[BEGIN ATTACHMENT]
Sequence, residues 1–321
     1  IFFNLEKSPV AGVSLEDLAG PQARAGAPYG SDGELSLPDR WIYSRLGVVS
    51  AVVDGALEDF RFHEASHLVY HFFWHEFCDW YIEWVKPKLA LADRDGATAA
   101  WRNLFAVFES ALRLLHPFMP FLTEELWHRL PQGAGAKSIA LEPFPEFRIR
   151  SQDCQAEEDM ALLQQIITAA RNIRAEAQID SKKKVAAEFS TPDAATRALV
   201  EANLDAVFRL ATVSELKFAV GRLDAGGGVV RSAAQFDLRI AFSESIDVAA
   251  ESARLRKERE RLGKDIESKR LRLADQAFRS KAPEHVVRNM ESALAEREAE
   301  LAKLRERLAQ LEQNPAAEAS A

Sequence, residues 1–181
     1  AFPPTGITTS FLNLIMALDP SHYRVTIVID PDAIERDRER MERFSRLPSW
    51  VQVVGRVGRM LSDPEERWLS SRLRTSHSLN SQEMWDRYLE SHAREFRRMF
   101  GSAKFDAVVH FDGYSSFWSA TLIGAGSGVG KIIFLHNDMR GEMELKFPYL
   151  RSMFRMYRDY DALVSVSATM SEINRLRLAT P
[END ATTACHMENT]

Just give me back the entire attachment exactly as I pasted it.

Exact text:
Sequence, residues 1–321
     1  IFFNLEKSPV AGVSLEDLAG PQARAGAPYG SDGELSLPDR WIYSRLGVVS
    51  AVVDGALEDF RFHEASHLVY HFFWHEFCDW YIEWVKPKLA LADRDGATAA
   101  WRNLFAVFES ALRLLHPFMP FLTEELWHRL PQGAGAKSIA LEPFPEFRIR
   151  SQDCQAEEDM ALLQQIITAA RNIRAEAQID SKKKVAAEFS TPDAATRALV
   201  EANLDAVFRL ATVSELKFAV GRLDAGGGVV RSAAQFDLRI AFSESIDVAA
   251  ESARLRKERE RLGKDIESKR LRLADQAFRS KAPEHVVRNM ESALAEREAE
   301  LAKLRERLAQ LEQNPAAEAS A

Sequence, residues 1–181
     1  AFPPTGITTS FLNLIMALDP SHYRVTIVID PDAIERDRER MERFSRLPSW
    51  VQVVGRVGRM LSDPEERWLS SRLRTSHSLN SQEMWDRYLE SHAREFRRMF
   101  GSAKFDAVVH FDGYSSFWSA TLIGAGSGVG KIIFLHNDMR GEMELKFPYL
   151  RSMFRMYRDY DALVSVSATM SEINRLRLAT P